• The Tenuous Purpose

    This Blog is built - not, as some might expect, on a flimsy whim but on a strong and single minded principle.

    That principle concerns Biscuits and their position in the world.

    We are really very keen on biscuits.
    As are many of you out there.
    We think.

    We wish to create an archive of Arrowroot, a backlog of Bourbons and a catalogue of Chocolate Fingers. Anybody can contribute an entry - or dispute somebody else's - provided they are not dull.
    Even Americans who perhaps don't really have the heritage of biscuitry that we are fortunate to have here.

    Or maybe they do and we are unaware of the full glory of the cookie.

    We realise that this whole subject is admirably and concisely dealt with by that excellent and unbeatable website A Nice Cup of Tea and a Sit Down. Our feeble efforts will be as the kicking of a gadfly in the face of their wisdom and experience but we hope that we may have a small contribution to make.

  • Biscuit Encounters on Twitter

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  • The Synod of Biscuitry

    James Alexander-Sinclair of Blackpitts
    Gardener, Blogger, Journalist, Lecturer etc, etc. Much of his life is spent loafing around other people’s gardens issuing directives and generally cluttering up the place. However, like the great Mr Kipling, he does (occasionally) make exceptionally good gardens. (Although even Mr Kipling messed up a bit with the Carrot and Walnut Mini Classics.)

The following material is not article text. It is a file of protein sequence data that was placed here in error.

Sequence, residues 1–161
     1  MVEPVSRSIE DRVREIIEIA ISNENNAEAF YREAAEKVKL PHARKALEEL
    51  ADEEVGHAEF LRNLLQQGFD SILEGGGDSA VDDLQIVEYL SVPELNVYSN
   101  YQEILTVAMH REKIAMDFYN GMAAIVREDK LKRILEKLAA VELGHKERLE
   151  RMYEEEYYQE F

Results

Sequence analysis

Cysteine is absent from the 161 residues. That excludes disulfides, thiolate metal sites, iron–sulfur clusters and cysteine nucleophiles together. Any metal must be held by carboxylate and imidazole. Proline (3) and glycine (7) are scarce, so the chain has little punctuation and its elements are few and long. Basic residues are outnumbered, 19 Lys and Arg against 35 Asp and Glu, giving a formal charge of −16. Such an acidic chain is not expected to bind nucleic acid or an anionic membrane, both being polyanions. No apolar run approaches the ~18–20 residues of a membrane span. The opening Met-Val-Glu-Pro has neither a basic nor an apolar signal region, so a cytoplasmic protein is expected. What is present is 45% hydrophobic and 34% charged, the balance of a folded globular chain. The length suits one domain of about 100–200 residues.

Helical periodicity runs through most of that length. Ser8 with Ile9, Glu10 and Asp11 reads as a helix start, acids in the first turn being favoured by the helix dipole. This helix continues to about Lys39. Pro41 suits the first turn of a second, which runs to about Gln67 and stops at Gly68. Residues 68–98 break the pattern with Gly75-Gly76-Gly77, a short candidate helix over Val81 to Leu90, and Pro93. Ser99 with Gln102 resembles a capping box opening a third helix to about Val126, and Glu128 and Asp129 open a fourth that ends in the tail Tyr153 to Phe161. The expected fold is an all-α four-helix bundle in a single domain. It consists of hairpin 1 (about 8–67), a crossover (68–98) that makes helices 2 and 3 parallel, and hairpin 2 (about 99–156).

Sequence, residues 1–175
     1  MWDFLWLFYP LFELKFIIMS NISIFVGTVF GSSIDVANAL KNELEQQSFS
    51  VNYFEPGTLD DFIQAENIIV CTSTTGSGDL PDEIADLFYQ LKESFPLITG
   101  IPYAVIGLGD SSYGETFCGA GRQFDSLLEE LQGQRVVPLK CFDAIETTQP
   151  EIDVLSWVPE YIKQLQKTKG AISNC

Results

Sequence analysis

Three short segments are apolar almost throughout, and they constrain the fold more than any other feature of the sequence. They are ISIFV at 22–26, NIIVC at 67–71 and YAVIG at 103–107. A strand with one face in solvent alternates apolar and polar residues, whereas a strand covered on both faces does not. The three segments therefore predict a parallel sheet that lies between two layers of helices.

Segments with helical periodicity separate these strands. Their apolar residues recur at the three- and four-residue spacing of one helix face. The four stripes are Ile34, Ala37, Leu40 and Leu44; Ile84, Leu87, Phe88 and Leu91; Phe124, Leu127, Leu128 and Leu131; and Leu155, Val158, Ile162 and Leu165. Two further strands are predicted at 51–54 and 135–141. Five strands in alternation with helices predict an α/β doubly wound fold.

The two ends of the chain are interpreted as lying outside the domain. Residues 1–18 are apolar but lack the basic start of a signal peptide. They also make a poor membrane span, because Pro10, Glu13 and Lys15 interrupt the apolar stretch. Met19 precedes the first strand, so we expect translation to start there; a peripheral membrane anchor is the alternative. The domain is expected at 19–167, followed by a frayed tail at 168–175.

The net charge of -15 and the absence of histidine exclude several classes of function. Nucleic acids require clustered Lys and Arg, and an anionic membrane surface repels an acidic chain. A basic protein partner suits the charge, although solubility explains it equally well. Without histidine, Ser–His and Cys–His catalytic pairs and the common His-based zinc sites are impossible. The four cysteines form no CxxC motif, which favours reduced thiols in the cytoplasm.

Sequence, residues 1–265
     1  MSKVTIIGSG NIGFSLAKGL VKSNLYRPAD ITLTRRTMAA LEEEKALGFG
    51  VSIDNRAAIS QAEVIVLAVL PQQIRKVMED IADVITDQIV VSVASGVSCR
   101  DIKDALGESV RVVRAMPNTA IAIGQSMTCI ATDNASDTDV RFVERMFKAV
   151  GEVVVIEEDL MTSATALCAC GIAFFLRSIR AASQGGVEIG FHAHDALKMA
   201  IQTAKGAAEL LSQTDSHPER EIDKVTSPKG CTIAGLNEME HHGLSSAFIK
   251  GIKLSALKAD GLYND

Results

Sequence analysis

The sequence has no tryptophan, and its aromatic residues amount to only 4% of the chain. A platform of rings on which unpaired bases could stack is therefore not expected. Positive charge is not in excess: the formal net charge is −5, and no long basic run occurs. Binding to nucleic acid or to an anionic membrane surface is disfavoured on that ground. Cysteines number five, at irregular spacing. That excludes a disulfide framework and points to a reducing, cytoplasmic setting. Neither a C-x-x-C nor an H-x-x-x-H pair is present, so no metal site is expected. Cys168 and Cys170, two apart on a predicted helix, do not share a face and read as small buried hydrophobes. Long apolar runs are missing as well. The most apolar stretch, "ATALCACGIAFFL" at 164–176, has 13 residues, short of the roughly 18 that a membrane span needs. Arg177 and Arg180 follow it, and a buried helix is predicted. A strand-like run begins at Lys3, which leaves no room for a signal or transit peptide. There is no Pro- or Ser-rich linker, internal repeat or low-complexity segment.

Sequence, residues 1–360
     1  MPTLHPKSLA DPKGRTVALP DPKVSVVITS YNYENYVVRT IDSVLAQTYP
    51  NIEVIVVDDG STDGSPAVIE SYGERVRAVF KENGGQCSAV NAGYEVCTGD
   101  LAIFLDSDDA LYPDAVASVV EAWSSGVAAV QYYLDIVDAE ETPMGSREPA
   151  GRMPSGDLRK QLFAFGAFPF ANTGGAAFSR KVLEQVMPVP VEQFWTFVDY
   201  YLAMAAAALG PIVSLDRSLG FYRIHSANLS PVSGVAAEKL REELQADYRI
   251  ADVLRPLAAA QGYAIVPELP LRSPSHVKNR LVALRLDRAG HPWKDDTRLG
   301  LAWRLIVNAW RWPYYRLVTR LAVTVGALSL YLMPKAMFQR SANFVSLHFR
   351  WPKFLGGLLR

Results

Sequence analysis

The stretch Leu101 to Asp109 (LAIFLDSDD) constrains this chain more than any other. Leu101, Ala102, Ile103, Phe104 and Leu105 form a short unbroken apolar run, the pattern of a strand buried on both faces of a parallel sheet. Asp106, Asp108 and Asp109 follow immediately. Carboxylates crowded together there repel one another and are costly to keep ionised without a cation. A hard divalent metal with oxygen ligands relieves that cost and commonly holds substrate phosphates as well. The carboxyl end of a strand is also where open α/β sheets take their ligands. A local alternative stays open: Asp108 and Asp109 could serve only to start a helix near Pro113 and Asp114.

Mark Diacono of Otter Farm
    He does sterling work growing many inappropriate plants in Devon. He dedicates a great deal of time and effort nurturing a plethora of plants that are (mostly) totally unsuited to our climate. His is a life of such extreme eccentric dedication that to start a Blog about Biscuits seems perfectly normal. He treads gently in the footsteps of people like the great William Buckland,a professor of Geology who claimed that he could tell location by tasting the local topsoil.

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A Biscuit Haiku

Yesterday: Open

shared, crumbs, loved. Closed:

discarded today

Michelle Chapman.plain


7 Responses

  1. Those tins make great catchalls for seed packets. Oops.

    Those tins
    Make great catch
    alls for seed packages
    and pins

  2. Frances – yours is a much better poem by. I fear the crown ‘Queen of Bad Poetry’ is set to stay with me for ever :0

    However, this DID slip under JAS’ bad poetry ban 😉

  3. I like your haiku, VP – not bad poetry at all, but a melancholic reflection on biscuits and life.

  4. totally loving your blog.

    Now tell e, can you recall teatime biscuits that came in a tin, about 30 yrs ago, and one of them was a red iced biscuit, shaped like a 50p, with the clock face on it ?

    it was my favourite biscuit ever and yet I cannot find them anymore and no-one seems to know anything about them !

    Have a lovely weekend

  5. Simply brill my dear. BTW do you really mean to let James and Mark get away with calling you p l a i n?

    yours confuddled in Dinteloord

  6. Thanks HM – it seems appropriate that the tin was left out in the rain doesn’t it?

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